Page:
Wind Farm Interference Showing Up on Doppler Radar
During the last several years, New York State has been a leader in supporting the growth of wind energy. As a result of this effort, there have been several "wind farm" projects developed across the region. In western New York, some of the bigger projects include the towns of Sheldon, Wethersfield, Eagle/Bliss in Wyoming county. These farms are located between 20 miles and 35 miles directly southeast of the Weather Surveillance Doppler Radar located at the National Weather Service office in Cheektowaga (KBUF) in northern Erie county. The towers are on top of ridges at elevations that exceed 1600 feet above mean sea level.
NWS Buffalo Doppler Radar
Unfortunately, the Wyoming county wind farms and their turbines are within the radar line of sight (RLOS) of the NWS doppler radar in Cheektowaga. The height of the wind turbine towers are about 265 feet above the ground, and the turbine blades extend an additional 125 feet. Hence, the top of the wind turbine rotors are about 400 feet above the ground in western and southern Wyoming County.
At this height, the rotating turbine blades of the wind farm impact the KBUF Doppler Radar beam. As you can see in the above image depicting most of western New York, the rotating wind turbines are having an affect on the radar beam.
A small part of the electromagnetic energy radar beam sent from the radar is reflected back by the rotating turbines. The radar processes this "returned energy" as an area of precipitation and plots it accordingly on the map. This contamination of the base reflectivity image as illustrated in the below image, has an effect on the radar algorithms used to estimate rainfall and to detect certain storm characteristics.
Learn more about how the Doppler Radar works here.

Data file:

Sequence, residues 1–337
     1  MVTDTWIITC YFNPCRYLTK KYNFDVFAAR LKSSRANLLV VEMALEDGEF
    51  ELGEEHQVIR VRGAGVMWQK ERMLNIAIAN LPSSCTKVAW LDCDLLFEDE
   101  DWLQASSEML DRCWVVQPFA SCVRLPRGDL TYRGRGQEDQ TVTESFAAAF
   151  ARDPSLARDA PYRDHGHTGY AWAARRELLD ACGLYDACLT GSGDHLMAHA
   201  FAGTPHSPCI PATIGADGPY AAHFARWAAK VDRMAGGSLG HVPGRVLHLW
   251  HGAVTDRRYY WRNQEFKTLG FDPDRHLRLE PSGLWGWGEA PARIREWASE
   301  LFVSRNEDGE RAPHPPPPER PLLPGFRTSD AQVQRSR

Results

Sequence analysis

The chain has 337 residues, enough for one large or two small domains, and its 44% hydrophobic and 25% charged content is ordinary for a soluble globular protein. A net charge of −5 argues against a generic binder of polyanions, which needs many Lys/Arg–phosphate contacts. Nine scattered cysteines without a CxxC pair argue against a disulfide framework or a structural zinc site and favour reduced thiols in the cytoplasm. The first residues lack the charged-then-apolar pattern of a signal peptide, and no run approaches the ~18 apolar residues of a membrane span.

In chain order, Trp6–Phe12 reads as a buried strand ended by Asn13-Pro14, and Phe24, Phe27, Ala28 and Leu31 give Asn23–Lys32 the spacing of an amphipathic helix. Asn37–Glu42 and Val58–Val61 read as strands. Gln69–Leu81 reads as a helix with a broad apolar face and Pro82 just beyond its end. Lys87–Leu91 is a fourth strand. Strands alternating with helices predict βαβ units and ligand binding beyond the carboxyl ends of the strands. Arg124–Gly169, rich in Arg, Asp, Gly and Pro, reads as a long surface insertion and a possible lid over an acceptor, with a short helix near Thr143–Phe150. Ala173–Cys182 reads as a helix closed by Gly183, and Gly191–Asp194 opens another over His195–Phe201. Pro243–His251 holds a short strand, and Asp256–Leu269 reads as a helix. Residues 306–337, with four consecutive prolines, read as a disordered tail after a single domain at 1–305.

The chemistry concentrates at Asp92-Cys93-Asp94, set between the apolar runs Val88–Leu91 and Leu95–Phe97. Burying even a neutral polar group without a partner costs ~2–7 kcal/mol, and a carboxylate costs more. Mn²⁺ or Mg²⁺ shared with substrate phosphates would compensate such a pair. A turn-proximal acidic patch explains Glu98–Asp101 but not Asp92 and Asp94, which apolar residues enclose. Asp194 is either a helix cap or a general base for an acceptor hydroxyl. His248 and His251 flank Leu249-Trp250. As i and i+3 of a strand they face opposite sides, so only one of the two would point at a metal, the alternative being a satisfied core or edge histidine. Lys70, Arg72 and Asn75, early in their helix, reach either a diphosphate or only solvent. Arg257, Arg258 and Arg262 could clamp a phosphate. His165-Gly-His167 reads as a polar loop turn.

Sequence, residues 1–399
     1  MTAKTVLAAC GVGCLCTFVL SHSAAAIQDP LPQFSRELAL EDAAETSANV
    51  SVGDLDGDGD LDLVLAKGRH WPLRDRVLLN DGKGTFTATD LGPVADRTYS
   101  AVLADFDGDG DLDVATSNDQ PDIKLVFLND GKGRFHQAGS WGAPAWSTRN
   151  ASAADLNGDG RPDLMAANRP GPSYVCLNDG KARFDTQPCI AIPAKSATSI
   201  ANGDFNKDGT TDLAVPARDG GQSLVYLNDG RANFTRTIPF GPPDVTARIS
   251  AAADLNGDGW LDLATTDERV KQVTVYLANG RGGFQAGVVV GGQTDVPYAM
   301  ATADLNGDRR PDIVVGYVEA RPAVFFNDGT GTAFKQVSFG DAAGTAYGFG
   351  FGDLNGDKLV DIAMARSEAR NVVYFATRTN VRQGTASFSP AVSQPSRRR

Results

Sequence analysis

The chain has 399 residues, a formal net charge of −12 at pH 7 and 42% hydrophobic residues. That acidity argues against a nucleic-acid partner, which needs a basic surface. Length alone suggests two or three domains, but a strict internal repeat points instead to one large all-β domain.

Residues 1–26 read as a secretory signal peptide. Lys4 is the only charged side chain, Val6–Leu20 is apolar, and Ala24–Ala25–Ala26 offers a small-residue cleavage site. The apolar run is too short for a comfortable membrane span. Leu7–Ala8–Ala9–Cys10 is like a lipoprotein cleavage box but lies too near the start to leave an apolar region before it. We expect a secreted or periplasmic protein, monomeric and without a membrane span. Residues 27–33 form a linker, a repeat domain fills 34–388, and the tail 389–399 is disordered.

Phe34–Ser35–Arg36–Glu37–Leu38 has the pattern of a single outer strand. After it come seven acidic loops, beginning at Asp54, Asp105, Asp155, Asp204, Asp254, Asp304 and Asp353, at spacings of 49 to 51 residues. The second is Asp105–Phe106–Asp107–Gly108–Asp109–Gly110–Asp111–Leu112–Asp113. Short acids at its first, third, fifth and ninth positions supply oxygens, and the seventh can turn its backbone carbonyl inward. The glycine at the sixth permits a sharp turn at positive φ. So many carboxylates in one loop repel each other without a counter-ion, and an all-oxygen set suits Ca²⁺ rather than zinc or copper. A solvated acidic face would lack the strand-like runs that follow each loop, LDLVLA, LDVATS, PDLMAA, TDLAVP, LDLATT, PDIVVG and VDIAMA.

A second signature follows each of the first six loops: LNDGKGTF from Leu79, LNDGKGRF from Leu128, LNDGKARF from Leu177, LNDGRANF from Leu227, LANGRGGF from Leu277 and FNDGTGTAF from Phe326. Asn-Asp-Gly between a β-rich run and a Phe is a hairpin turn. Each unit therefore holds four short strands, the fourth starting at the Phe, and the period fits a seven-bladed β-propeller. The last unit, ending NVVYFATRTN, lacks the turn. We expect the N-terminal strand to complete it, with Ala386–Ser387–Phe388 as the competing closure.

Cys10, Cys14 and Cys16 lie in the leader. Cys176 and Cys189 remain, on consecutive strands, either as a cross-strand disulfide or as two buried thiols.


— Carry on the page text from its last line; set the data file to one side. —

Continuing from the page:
The rotating turbines also impact the velocity base data as you can see from the below image. This velocity data is used by radar operators and by a variety of algorithms in the radar's data processors to detect certain storm characteristics such as mesocyclones, tornado vortex signatures, and relative storm motion.
The KBUF doppler radar has a sophisticated clutter/interference removal scheme, however the scheme was designed to filter out spurious returned (reflected) energy that has little or no motion. This is effective for removing the returned signals from terrain, buildings, and other non-moving structures. Unfortunately, the radar sees the rotating wind turbine blades as targets having reflectivity and motion, hence processes these returns as weather.
Below is a one hour animation from the morning of June 8, 2009 between 730 am and 830 am EDT. As you can see, there is a persistent, stationary area of interference in Wyoming county from the wind turbine farm that appears on the KBUF base reflectivity radar image. In situations with slow moving or stationary areas of rainfall/thunderstorms, the wind farm interference could be misinterpreted as an area of heavy precipitation.
Wind turbine clutter or interference that shows up on the base reflectivity and velocity images produced by the doppler radar can have several impacts including:
Thunderstorm or winter storm characteristics could be masked or misinterpreted, reducing warning effectiveness in the vicinity of, and downrange of the wind farm.
False signatures contaminating Doppler velocity data in the vicinity and downrange of the wind energy facility could reduce forecaster's situational awarness, particularly during hazardous/severe weather events.
Data masking or contamination if thunderstorms develop over the wind farm may negatively impact warning effectiveness.
False precipitation estimates could negatively impact flash-flood warning effectiveness.
The best mitigation technique is to avoid locating wind turbines in the radar line of sight (RLOS) of the doppler radar. The National Weather Service is conducting an outreach program to ensure the wind energy industry and developers are aware of NWS Doppler Radar locations and the potential impacts on radar data. The NWS Radar Operations Center (ROC) works with these developers and suggests mitigation options to consider.
The NWS continues to learn about wind farm impacts on radars, weather forecast office operations, and other users where radars and wind farms are already in close proximity. Based on this information, the NWS will develop training materials for radar operators and weather forecasters on how to identify, mitigate, and partially work around wind turbine impacts during forecast and warning operations.
For much more information on how wind turbines impact doppler weather radar, check out the ROC website.
|National Weather Service
Weather Forecast Office Buffalo
587 Aero Drive
Buffalo, N.Y. 14225-1405
(716)565-0802 Climate and Forecast recordings
Page last modified: June 8, 2009